“Although [John] Ruskin was, among other things, a social critic who wrote extensively about politics, his autobiography (Praeterita) fails to mention Queen Victoria, even though his life spanned her entire reign.” –Liam, conservative Christian
What is Liam’s argument? His argument is that just because English art critic John Ruskin never mentions Queen Victoria in his autobiography, that is not proof that Ruskin did not know of the existence of Queen Victoria. And Liam is correct in this assertion. In fact, probability tells us that an educated man living and working in England during the reign of Queen Victoria would most certainly have known of her existence.
But does this analogy apply to Philo of Alexandria, a first century Jewish philosopher and contemporary of Jesus, who never mentions Jesus in any of his writings? Did Philo know about Jesus and simply chose not to write about him (for many possible reasons), or did Philo not write about Jesus because Philo had never heard of this man?
Although Liam is correct that the absence of any mention of Jesus the Great Miracle Worker and Raiser of the Dead in the works of Philo does not prove that Philo knew nothing of Jesus, I assert that there is a big difference between this situation and that of Ruskin and Queen Victoria. We know that Queen Victoria was a major public figure in the British empire during Ruskin’s life. We don’t know for certain that Jesus was a major public figure in the Roman Empire, or even in Palestine, during the life of Philo. No one with even a high school education would claim that Queen Victoria might not have been a famous person in Ruskin’s time, and that this is a possible explanation for the omission of her name in Ruskin’s autobiography. The same cannot be said about Jesus of Nazareth. Although most historians believe that Jesus existed, his fame during his lifetime is a matter of debate.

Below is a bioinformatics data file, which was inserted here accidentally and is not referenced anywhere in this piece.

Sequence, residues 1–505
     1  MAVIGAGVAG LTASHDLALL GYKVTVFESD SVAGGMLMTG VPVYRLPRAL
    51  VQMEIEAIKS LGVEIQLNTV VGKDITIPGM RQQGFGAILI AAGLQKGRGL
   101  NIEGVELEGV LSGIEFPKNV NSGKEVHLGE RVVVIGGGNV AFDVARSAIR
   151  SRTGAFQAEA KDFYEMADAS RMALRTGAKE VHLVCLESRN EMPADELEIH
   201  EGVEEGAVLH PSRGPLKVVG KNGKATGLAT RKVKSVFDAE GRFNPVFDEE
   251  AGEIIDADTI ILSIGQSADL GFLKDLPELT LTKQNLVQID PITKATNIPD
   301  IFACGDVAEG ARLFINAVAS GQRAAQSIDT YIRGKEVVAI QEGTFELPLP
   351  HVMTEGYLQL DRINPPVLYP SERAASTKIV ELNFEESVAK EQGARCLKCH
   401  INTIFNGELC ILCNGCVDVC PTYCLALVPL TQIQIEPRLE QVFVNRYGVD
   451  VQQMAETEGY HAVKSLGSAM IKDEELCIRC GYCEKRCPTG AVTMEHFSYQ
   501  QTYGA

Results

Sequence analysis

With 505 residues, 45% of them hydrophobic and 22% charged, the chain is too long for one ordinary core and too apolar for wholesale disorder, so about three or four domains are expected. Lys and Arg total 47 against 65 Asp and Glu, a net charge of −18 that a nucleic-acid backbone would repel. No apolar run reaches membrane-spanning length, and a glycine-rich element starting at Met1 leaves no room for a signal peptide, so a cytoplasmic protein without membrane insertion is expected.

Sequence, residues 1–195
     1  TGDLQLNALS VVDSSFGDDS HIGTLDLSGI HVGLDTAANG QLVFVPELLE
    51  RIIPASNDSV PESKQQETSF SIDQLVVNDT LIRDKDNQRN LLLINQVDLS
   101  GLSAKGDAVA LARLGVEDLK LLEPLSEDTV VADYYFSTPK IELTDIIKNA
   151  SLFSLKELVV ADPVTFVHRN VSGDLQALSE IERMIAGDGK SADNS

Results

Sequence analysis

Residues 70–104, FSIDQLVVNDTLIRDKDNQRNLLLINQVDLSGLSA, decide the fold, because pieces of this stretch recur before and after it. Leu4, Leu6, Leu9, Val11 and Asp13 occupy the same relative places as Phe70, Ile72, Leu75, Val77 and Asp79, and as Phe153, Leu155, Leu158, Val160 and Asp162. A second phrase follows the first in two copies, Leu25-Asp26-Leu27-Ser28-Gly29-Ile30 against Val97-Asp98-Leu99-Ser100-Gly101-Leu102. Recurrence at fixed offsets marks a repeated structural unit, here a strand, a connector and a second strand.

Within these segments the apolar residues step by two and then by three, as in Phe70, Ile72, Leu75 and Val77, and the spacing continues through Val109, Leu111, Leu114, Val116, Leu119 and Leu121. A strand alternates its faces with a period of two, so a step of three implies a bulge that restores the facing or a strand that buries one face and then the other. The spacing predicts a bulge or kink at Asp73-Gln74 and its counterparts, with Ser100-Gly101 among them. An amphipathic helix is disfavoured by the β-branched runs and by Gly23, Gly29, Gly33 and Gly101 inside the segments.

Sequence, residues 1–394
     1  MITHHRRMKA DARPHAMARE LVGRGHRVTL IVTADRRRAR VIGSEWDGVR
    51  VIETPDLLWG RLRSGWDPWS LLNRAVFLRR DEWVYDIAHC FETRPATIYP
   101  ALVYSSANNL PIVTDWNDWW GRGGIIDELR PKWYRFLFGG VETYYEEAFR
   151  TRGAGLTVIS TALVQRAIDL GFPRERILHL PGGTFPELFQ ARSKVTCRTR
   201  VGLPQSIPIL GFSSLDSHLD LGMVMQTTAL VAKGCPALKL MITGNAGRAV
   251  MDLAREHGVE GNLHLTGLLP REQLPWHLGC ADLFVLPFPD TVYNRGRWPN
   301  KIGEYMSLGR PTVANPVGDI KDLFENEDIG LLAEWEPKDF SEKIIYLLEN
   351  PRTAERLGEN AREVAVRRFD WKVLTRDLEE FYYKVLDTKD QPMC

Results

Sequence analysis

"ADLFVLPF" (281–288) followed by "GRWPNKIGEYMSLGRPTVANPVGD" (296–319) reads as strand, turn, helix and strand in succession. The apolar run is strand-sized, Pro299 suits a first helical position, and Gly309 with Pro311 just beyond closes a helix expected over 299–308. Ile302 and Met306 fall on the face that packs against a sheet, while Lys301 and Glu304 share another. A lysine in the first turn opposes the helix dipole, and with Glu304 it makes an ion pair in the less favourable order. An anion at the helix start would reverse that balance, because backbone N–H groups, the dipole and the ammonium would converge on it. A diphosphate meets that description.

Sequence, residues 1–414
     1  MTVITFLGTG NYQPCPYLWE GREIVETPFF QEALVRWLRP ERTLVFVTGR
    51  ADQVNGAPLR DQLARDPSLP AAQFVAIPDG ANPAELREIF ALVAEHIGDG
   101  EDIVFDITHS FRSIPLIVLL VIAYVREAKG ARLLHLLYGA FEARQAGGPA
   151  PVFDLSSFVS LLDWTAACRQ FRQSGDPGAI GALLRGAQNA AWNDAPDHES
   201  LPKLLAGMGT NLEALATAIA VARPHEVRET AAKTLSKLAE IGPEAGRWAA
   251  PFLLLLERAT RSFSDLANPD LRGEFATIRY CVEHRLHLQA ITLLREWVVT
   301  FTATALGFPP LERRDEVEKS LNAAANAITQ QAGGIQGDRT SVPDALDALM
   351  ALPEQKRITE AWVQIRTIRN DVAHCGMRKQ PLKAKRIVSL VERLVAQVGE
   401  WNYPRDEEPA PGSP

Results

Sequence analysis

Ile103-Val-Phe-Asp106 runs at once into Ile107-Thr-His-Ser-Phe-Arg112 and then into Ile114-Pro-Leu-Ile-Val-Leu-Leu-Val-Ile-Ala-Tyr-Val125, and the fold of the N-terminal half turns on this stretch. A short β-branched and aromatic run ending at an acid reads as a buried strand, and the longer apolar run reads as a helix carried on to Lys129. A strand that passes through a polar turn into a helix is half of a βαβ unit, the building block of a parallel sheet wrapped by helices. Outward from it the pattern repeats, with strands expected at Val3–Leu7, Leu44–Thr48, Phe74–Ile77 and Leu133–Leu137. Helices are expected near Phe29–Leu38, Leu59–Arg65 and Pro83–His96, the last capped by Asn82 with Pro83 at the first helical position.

The fact is, the default position for the omission of a person or event from any story is that the author did not know about the person or the event, it is not that he or she did know about the person or event but chose not to mention them. We assume the author was unaware of the person or event until other evidence proves otherwise. Therefore, the onus is on Liam, and his fellow Christian apologists, to prove that Philo’s silence (and that of Paul regarding the Jesus of the Gospels) was due to other reasons and not due to the fact that Philo had never heard of a Jesus of Nazareth.